⇒ In a letter to the British Department for Transport (DfT) on 28 September, the UK Civil Aviation Authority (CAA) has called on London’s Heathrow Airport to “decisively and urgently” address concerns over timetables and spending on the project to build a third runway at London’s Heathrow Airport.

The agency expressed concerns regarding a “lack of high quality and comprehensive information” on costs and efficiency provided to the airline community by Heathrow, which it said had not been “adequately” addressed despite “repeated requests” from both airlines and the CAA.

The authority warned that if the airport did not improve the flow of information, it would consider possible regulatory action including a formal information request under section 50 of the UK’s Civil Aviation Act 2012 and the development of additional licence obligations requiring the provision of “further detailed information”.

The CAA also said that the airport should demonstrate to stakeholders that a new timetable for the expansion is “realistic, achievable and allows sufficient time for high quality engagement while ensuring timely delivery”, after Heathrow announced changes to its overall schedule and a slight delay in the planned 2019 launch of its statutory consultation on the plans.

“We continue to engage with all of our stakeholders on our expansion plans and look forward to presenting a detailed preferred masterplan for further public consultation next year,” a Heathrow spokesperson told ALN. “We remain on track to submit a planning application in 2020 and for the new runway to open in 2026.”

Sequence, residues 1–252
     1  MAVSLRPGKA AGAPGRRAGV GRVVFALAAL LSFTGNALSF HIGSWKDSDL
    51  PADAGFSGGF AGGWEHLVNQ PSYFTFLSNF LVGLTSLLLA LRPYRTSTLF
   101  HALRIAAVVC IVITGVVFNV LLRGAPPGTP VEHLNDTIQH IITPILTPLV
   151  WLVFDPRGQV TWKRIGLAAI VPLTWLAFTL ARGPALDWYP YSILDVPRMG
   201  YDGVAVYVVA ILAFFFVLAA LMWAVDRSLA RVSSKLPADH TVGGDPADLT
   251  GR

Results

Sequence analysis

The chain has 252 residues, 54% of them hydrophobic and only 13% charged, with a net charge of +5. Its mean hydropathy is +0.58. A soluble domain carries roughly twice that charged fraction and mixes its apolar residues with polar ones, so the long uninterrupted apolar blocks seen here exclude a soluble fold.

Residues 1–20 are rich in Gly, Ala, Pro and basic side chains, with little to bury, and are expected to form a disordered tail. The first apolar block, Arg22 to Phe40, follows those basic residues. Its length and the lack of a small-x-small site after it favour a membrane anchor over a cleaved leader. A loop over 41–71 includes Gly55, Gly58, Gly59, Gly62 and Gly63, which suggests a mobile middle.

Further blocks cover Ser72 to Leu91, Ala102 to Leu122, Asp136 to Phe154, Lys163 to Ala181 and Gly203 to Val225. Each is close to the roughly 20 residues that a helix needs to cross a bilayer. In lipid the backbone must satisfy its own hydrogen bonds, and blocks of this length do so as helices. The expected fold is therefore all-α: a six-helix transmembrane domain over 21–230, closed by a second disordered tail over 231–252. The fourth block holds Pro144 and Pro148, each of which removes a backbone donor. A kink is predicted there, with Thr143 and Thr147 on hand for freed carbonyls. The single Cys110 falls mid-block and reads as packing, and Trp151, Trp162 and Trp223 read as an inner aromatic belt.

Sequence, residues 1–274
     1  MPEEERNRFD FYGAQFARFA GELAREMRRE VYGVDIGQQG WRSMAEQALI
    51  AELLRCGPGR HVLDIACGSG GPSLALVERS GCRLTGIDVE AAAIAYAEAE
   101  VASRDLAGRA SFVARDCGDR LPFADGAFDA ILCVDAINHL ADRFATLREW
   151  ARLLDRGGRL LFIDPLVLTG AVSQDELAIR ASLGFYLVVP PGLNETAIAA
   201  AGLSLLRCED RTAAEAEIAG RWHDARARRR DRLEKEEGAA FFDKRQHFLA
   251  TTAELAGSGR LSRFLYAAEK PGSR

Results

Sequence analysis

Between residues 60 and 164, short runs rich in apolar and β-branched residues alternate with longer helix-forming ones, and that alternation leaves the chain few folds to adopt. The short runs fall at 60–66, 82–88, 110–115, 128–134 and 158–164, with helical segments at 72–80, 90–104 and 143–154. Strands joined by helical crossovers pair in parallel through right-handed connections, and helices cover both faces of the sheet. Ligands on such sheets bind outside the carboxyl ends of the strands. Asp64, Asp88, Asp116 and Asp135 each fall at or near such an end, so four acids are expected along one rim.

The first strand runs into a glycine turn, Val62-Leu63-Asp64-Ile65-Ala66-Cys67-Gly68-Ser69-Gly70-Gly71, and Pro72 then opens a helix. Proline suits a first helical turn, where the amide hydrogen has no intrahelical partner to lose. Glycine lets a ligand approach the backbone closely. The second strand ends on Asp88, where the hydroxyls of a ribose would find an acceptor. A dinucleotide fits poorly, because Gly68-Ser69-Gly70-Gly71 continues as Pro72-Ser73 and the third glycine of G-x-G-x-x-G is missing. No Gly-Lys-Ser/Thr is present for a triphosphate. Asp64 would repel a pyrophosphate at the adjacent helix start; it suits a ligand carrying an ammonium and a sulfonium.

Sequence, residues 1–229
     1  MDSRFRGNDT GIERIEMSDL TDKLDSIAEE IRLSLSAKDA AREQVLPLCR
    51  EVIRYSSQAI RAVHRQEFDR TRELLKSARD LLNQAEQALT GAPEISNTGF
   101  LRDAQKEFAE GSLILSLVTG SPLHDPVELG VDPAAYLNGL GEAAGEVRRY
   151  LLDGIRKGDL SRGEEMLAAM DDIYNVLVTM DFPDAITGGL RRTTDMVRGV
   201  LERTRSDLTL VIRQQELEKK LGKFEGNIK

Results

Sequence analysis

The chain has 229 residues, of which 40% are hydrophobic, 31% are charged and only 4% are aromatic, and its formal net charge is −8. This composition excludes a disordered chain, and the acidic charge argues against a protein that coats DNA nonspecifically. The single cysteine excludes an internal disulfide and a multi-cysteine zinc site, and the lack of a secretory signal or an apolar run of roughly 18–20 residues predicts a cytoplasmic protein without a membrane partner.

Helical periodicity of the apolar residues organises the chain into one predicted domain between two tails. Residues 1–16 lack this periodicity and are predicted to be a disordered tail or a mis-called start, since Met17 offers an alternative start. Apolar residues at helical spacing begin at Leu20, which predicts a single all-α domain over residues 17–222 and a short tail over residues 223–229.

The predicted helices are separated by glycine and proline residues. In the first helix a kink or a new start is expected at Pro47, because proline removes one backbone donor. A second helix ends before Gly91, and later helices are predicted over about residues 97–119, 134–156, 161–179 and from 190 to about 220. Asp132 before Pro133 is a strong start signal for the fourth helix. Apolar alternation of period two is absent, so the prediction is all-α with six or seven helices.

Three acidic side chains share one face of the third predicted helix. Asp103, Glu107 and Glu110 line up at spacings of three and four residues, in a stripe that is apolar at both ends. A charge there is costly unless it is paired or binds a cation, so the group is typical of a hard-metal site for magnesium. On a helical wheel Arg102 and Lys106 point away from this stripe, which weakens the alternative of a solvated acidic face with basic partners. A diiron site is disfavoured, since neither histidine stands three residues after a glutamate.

⇒ Japan’s Ministry of Land, Infrastructure, Transport and Tourism will set up an expert panel later this month to look into tightening drinking rules for aircraft staff following the arrest of Japan Airlines pilot Katsutoshi Jitsukawa in London last month.

Jitsukawa failed a breath test and admitted he was more than nine times over the legal alcohol limit prior to a flight.

In a press conference on 2 November, Minister Keiichi Ishii also told reporters he had instructed Japan Airlines and All Nippon Airways to report on measures already in place to prevent heavy drinking by airline employees by 16 November, according to The Japan Times.

The panel is set to hold its first meeting in mid-November to consider mandating alcohol checks for aviation staff and establishing limits on alcohol concentration levels in their system, and is expected to compile a draft report on the alcohol consumption limit for pilots by the end of the year before discussing rules for flight attendants and aircraft mechanics, the paper reported.


⇒ US trade association Airlines for America (A4A) announced on 31 October it had promoted former associate general counsel Doug Mullen, to vice president and deputy counsel.

According to A4A, Mullen’s new role will see him continue to advance the lobbying group’s agenda by “advocating before US federal agencies and foreign regulatory bodies to ensure that legislative decisions and regulatory policies strengthen the aviation industry while maintaining the highest level of safety”.

Mullen previously served as legal counsel to A4A’s member airlines on a range of regulatory issues at international, federal, state and local levels, including matters regarding safety and operations; airports; drug and alcohol testing; accommodations for passengers with disabilities; cargo operations; and pilot qualification, training and certification.

“During his tenure at A4A, he has earned the highest respect of our member carriers and the trust of relevant agencies that work with the aviation industry,” Patricia Vercelli – who joined the group in September this year – said in a statement.